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MASS RALLY FOR
A BETTER CONTRACT
OCT. 30, 2007  -- GREAT HALL/COOPER UNION

Historic PSC Rally for a New Contract,
New Commitment to CUNY

 



the web  
psc-cuny.org

October 30, 2007 
Below is the text for a PSC press release on the rally.  click here for
printer friendly version (PDF).

Click image for photo gallery of the mass rally.

A thousand members of the Professional Staff Congress (PSC) met and strategized and rallied for a new contract with the City University of New York (CUNY), where they have been working without a contract since September 19. The PSC represents 20,000 university faculty and professional staff. The meeting was held in the Great Hall at Cooper Union.  

“We are here tonight to call not just for a new contract at CUNY, but for a new kind of contract: one that provides the conditions we need to do our jobs, a contract that enables CUNY to fulfill its historic mission for the people of New York,” PSC President Dr. Barbara Bowen told the assembled crowd. “For too long, the CUNY Central Administration has accepted austerity for us and for our students.  Instead of demanding the salaries and conditions we need, CUNY has concentrated on a few high-profile programs that make the University look good while the vast majority of programs struggle to recruit and retain faculty, salaries have fallen far below nationally competitive levels, and half the faculty are underpaid part-timers.  We are here tonight because we believe our students—and the people of New York—deserve better.”  [Click here for Barbara Bowen's speech.]

PSC and management negotiators have been in contract talks since February, and although the old contract expired six weeks ago, CUNY management has yet to make a financial offer to the union. The main issues for PSC members in these talks is salary erosion and the effect of the University’s reliance for half its teaching on underpaid part-timers. Faculty salaries have lost 27-51% of their real value since 1971 and are no longer competitive with comparable institutions, regionally or nationally. Professors at Rutgers (New Brunswick) now earn 24% more than their counterparts at CUNY and professors at the University of Connecticut earn 23% more than their counterparts at CUNY (based on average salaries from Fall 2006). At stake is the quality of public higher education, one of the driving engines of New York’s economy. Forty-six percent of college students in New York City are CUNY students, and four out of five CUNY graduates stay in New York, pay taxes here and fill the jobs of the future. Without competitive salaries, CUNY colleges often find that they cannot recruit their first-choice candidates for faculty positions and that many current faculty are seeking to leave.  Academic departments are under strain. The quality of education students receive is jeopardized because the mentorship and continuity that students depend on are the inevitable casualties of this crisis.  [Click here to see charts and data on salary erosion and here to see full analysis (text and charts) from presentation made by Steve London, PSC First Vice President, at the October 30th mass meeting.]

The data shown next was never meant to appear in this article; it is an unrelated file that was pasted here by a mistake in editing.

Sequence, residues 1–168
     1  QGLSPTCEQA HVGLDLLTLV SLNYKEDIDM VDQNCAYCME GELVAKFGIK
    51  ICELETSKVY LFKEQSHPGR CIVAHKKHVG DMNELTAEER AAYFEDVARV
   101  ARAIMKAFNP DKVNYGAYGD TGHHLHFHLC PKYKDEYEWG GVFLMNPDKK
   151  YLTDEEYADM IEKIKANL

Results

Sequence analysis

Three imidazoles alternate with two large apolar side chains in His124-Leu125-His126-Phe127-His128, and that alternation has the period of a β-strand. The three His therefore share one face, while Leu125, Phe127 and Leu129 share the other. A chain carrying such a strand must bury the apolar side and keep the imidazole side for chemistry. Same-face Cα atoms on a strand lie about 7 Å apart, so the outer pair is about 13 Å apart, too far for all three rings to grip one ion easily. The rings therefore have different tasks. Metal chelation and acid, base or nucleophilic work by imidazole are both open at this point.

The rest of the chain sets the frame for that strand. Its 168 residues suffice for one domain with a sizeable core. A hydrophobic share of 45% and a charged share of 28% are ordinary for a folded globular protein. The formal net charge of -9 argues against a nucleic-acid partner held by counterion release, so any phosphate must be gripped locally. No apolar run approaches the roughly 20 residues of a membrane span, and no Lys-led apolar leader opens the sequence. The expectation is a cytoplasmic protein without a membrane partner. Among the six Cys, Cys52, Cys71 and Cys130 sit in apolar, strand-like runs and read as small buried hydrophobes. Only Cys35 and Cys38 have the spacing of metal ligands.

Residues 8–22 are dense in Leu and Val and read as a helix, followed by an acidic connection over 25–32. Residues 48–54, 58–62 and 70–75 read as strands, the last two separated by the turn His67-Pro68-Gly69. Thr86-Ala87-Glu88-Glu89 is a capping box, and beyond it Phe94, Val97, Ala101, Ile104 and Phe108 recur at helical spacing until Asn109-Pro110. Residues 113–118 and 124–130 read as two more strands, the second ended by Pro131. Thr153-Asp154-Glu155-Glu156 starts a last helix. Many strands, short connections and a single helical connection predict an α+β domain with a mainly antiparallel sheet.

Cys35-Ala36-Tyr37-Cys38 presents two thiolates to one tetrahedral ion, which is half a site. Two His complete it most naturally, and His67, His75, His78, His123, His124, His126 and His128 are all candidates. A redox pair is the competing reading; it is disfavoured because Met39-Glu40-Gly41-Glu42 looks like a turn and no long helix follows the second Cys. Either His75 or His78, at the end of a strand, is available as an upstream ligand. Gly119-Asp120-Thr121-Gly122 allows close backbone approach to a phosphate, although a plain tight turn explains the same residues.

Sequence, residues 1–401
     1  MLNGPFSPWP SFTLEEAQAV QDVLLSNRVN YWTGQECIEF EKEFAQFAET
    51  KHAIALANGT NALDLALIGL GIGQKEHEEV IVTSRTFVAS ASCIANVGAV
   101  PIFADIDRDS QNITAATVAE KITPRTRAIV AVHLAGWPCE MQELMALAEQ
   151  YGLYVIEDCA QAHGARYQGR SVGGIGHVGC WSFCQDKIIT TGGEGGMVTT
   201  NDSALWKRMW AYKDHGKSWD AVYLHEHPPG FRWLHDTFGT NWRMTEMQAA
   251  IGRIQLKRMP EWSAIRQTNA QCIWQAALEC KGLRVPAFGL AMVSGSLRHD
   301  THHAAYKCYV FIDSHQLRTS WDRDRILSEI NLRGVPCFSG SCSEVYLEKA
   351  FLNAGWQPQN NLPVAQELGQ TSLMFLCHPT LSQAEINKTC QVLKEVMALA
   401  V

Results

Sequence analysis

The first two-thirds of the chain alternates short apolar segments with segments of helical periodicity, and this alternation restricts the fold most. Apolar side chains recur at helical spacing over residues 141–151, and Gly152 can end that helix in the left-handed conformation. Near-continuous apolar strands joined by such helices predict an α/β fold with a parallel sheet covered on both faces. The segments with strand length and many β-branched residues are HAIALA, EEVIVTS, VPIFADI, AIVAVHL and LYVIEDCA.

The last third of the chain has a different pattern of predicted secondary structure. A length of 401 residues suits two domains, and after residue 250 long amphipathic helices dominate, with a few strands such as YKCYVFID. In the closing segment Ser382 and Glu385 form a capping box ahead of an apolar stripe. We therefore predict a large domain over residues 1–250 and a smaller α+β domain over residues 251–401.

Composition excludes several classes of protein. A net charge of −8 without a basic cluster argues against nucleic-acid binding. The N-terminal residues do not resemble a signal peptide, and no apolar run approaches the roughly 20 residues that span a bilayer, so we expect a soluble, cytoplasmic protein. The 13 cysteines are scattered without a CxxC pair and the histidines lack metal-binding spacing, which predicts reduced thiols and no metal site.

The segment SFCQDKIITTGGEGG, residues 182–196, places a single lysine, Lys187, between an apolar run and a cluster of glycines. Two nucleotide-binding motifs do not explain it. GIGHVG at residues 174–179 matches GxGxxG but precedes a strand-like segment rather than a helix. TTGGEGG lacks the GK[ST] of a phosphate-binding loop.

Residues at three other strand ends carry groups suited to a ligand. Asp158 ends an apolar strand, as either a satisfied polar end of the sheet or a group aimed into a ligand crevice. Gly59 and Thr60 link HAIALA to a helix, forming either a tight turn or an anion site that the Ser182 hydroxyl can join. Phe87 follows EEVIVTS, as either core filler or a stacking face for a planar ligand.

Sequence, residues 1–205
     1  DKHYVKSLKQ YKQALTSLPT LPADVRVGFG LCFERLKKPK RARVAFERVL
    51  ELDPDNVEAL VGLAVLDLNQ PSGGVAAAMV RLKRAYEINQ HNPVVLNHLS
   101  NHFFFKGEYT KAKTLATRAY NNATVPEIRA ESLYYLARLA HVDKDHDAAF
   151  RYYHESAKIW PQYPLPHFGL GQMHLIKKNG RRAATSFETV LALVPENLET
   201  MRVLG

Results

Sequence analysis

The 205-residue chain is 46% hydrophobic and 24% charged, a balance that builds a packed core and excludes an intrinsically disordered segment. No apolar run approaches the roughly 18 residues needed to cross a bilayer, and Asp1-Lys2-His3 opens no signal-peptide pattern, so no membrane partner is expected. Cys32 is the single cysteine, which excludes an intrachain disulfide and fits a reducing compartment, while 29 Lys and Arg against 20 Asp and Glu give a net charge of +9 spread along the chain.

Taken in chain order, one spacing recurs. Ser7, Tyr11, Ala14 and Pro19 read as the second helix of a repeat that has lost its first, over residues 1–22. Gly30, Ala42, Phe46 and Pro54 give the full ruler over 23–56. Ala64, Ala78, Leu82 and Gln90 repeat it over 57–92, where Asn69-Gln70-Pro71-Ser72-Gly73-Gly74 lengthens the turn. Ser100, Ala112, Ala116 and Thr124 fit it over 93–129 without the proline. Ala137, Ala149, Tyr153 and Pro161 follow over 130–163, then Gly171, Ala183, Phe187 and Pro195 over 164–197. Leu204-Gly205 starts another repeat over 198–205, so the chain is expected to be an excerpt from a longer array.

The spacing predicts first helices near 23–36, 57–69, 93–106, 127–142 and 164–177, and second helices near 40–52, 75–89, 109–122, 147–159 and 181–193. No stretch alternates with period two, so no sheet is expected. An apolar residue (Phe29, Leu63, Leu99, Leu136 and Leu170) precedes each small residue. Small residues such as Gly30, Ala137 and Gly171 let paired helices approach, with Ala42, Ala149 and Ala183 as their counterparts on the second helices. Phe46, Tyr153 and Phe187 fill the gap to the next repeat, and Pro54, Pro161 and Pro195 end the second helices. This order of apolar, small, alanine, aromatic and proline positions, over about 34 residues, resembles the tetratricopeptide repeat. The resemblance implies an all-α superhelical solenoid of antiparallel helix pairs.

Rather than looking for ways to restore CUNY’s competitiveness and increase salaries, however, CUNY management has put forward a proposal to eliminate annual salary step increases, an approach that would further undermine CUNY’s ability to recruit and retain.  

The PSC members at Cooper Union vowed not to let that happen. “Our campaign for a good contract seeks to ensure that the working conditions of PSC members—which are the learning conditions of CUNY students—don’t shortchange our students and our City,” the union’s first vice president, Dr. Steve London, explained.

Posted 10/31/07

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Voices From CUNY At The Great Hall

  At the October 30th mass meeting, seven speakers, representing faculty and professional staff, gave voice to a range of campus issues: competitive salaries, adjunct equity, paid parental-leave, HEO job security, opposition to management's proposal to remove chairs from the bargaining unit -- and more.  Photos of the seven speakers are in the slideshow to the right.  Click here to read their remarks at the mass rally.  

Everyone who attended the 10/30 rally received a packet with two forms -- one on lost faculty and staff and a second one to sign up for the contract campaign.  If you did not complete the forms or did not attend the 10/30 rally, both forms can be completed online.  The information on both follows:

HELP US LOCATE LOST FACULTY AND STAFF:  Do you know of colleagues who have left CUNY or have turned down a CUNY position because of salaries and workloads that are not nationally competitive?  Please help us by providing information about those colleagues by clicking here and then completing the online form.

JOIN THE CONTRACT CAMPAIGN:  Click here for online form where you can choose to volunteer for one or multiple options to help with the contract campaign.

 

| HOME | CONTRACT (GENERAL) |
| CONTRACT NEGOTIATIONS |
| 10/30 PHOTO GALLERY
|
| BARBARA BOWEN'S 10/30 SPEECH |
| STEVE LONDON ON SALARY EROSION |

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